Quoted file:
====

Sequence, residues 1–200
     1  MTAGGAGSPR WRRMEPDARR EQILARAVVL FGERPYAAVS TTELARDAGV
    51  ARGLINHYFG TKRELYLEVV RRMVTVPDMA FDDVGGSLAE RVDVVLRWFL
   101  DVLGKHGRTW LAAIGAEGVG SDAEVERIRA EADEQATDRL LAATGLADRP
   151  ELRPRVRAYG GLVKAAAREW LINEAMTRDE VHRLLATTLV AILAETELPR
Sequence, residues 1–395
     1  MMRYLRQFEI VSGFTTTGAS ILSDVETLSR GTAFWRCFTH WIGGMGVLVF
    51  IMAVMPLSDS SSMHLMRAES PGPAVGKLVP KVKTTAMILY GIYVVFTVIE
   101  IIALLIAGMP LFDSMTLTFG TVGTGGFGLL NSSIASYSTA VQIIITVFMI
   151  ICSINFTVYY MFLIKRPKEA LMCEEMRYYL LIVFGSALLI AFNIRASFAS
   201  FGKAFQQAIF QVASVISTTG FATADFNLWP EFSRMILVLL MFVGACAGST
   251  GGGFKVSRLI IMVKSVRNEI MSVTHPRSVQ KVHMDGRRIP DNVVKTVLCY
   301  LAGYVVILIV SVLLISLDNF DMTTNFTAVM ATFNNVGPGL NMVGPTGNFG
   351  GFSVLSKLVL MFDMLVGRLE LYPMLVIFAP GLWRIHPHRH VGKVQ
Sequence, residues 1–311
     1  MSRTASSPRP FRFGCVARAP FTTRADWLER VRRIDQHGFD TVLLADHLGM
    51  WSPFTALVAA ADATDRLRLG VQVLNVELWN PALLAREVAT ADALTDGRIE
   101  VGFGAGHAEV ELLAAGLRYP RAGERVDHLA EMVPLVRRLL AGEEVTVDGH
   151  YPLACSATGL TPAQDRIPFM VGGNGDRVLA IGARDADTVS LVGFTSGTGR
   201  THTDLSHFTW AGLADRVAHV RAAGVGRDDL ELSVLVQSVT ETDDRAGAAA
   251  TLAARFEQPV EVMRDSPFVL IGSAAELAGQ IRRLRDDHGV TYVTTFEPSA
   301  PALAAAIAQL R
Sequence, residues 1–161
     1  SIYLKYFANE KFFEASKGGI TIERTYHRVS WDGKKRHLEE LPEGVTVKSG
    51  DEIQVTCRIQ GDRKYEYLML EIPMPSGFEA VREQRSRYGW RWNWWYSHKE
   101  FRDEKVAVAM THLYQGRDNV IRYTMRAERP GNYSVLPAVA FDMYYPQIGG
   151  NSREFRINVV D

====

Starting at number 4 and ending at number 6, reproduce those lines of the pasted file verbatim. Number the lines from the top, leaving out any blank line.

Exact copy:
   101  DVLGKHGRTW LAAIGAEGVG SDAEVERIRA EADEQATDRL LAATGLADRP
   151  ELRPRVRAYG GLVKAAAREW LINEAMTRDE VHRLLATTLV AILAETELPR
Sequence, residues 1–395